And that brings me to the second part of our relationship with Jesus – that it can only grow and can only deepen through the Church. The Church is the body of Christ. It is the only path through which the sacraments are offered. Without this nourishment we will go hungry. We will go thirsty we will be denied the living bread.
Now, I know that sounds harsh. We live in a culturally egalitarian world – at least here in the West. But this is what the bible teaches us, this is what our reading today tells us. That salvation comes through Grace – that invitation – that we turn towards that Grace and through that Grace alone comes our salvation.
That invitation (that Grace) is presented to us through the sacraments – and the sacraments are born of Christ in his body – of His blood – of His Church and only through his body do we see salvation.
We are fed what we need to live – not just through physical nourishment – but through the sacrament of the eucharist, which is only offered through the Church.
And so, knowing this – knowing this tough reality that sits against the grain of the modern world. Understanding this. How does that play out in our daily lives?
Allow me to give you an example from All Saints in Hereford. Those of you who saw the TV series ‘A Vicar’s Life’ will know that is where I spend a great deal of my time. It is a church that 25 years ago was literally about the fall down. The spire was considered so dangerous that a 400-metre exclusion zone was put up around it. Now Hereford is a small city and that knocked out a significant part of it! The church was given 72 hours to make it safe – and they did. In fact, over the next few years they not only made it safe but they completed a multi-million-pound re-ordering that resulted in a medieval church in a city centre that contained a modern commercial café intermingled with the church in such an effective way as to encourage all to enter. A physical invitation to come in, to take that first step.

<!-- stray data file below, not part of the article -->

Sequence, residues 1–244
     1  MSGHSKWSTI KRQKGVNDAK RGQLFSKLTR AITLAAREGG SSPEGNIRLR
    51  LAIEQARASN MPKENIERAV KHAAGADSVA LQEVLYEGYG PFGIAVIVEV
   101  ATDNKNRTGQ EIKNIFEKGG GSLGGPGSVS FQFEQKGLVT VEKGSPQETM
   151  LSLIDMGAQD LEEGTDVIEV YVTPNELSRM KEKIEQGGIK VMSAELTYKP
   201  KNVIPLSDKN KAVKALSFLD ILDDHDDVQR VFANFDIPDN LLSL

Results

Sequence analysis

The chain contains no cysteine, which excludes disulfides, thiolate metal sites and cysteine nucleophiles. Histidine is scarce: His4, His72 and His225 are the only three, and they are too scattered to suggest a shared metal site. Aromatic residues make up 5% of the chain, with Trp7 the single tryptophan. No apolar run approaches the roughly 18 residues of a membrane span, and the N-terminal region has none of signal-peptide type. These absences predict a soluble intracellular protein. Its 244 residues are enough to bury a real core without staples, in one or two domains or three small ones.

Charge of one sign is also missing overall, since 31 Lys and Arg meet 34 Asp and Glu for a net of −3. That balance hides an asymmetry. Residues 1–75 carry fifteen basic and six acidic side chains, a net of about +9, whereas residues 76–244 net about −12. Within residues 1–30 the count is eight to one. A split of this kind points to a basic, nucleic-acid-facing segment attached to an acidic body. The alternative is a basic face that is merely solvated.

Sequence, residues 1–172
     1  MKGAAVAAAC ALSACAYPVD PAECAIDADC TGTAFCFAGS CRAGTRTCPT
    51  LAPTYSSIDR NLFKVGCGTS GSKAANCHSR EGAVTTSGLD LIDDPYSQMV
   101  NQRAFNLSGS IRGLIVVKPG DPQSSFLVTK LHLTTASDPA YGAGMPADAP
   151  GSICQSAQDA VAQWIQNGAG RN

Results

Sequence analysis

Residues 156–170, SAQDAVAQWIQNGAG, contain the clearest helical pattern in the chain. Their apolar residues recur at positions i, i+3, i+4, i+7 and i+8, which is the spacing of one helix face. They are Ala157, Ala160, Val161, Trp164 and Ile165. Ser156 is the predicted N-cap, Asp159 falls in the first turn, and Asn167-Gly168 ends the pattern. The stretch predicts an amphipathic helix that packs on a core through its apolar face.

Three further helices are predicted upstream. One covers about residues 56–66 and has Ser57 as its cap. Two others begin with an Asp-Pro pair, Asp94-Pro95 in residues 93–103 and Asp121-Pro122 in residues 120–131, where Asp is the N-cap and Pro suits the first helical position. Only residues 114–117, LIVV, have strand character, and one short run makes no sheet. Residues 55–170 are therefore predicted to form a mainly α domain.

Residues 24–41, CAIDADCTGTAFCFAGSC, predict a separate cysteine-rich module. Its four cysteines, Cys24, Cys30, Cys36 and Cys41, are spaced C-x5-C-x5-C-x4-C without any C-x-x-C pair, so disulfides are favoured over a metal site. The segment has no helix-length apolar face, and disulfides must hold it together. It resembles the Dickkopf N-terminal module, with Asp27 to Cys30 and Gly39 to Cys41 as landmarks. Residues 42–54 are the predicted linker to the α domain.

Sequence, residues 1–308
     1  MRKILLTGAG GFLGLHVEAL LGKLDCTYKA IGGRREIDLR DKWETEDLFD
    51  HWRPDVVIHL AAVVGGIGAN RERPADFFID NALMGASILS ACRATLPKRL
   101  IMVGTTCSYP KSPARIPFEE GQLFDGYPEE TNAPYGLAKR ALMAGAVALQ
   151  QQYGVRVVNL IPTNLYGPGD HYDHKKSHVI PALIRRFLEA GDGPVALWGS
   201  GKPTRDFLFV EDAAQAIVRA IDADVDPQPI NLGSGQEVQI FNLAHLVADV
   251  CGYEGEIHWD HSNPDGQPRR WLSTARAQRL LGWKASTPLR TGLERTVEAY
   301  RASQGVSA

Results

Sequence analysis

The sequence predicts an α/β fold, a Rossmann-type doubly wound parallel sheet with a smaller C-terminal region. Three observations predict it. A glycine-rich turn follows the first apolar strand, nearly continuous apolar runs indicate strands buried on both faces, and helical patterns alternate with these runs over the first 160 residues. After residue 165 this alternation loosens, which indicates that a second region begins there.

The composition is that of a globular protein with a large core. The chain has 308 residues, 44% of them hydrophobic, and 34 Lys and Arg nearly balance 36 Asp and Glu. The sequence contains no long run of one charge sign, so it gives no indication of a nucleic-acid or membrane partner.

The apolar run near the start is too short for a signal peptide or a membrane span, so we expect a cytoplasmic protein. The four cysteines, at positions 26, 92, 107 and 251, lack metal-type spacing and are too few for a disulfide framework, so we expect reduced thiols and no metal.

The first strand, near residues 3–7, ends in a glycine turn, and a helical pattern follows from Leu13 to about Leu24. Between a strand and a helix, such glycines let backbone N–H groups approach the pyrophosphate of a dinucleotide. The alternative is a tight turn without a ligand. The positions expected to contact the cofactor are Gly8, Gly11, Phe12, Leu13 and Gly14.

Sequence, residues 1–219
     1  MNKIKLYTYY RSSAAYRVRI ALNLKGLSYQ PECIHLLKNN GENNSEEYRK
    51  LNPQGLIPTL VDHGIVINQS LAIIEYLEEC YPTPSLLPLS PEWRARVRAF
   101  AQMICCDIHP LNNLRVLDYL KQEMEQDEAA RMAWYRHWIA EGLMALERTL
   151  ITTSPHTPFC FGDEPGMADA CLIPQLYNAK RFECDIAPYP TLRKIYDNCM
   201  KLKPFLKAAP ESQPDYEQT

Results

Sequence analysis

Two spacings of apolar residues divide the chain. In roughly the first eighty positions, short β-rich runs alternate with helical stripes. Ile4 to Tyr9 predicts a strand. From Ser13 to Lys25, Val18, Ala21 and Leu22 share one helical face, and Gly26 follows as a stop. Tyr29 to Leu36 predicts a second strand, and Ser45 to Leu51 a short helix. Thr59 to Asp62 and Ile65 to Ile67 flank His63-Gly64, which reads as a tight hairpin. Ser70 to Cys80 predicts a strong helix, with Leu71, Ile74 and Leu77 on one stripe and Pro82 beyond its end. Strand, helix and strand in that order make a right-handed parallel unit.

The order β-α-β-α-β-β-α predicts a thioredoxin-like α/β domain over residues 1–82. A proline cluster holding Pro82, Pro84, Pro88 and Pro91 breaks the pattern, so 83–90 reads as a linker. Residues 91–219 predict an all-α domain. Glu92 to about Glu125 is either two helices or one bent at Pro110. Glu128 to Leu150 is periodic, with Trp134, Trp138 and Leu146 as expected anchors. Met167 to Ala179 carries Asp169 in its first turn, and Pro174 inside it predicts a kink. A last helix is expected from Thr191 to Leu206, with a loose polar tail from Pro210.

Each day we say Mass in the Lady Chapel – surrounded by the noise and bustle of a very successful commercial café. The Priest leaves the vestry on one side of the church – rings the sanctuary bell three times (at which point the café noise dims as all turn to watch the Priest walk across the Church, bow at the high altar and continue his journey towards the Lady Chapel. As he disappears the hubbub returns, and the congregation stands). Our second invitation to join us.
‘The Lord be with you’ the Priest declares – nice and loud so that all can hear him. All can hear the invitation. The Mass is introduced, the congregation sit, and our prayers begin.
At our intercessions within the Mass we pray each day for the prayers left at the foot of Mary – those prayers that reach out in desperation, in thanks, in love, in the full diversity of human emotion and we pray that Christ reaches for them in return.
We pray – as loudly as I can! – that those who seek nourishment in this place – find it. That those that we seek to nourish with food – via the homeless hostel, the daily homeless breakfasts, lunches, dinners the café etc – find the spiritual nourishment that they also need – that we all need.
What I am saying is that as a Church and as the body of Christ we cannot simply offer people bread when they need bread to fill their stomachs. But that we must offer everyonethe bread of life – all the time – over and over and over again at every opportunity – and that those things are not separate but are the same.
We must push back against a world that tells us that our faith must be confined to our buildings. That when we step out into the world to feed the hungry we are doing so not just in body, but also in the Spirit. We are making Christ’s love known in the world so that people may be drawn to Him and may hear his invitation. When I step out into the world as a Street Pastor – I wear my collar because although we’re not allowed to talk about God with people – my collar tells them that I am here as part of the Church, as part of the body of Christ and I tell them – without words – that there is an invitation there for them to join that body. And sometimes that’s as much as we can do – be a physical and obvious presence of the Church in the secular world. And that’s okay.
Through these actions we save nobody. Only God does that. But we who have been invited to eat the living bread, and to drink from the healing, life-giving stream can bear witness. We bear witness to the abundant life that we have in Christ – ‘I came that they may have life, and have it abundantly’.
Yes, the Gospel is exclusive. Yes, there is choice to be made – but it is not ours alone. Yes we must hear the invitation, yes we must invite, woo and cajole others so that they may also hear – if the Father choses – the invitation. Then, if accepted, it is our job to feed those who have turned to Him. Nourish them with the sacraments, with prayer, with love and encourage them to bring others to hear the invitation of the Father.
Prepare yourselves. Prepare to receive Christ, to be open as he once again reaches for your hearts at the altar rail. Then take Him in to the world an bring others to come to know him.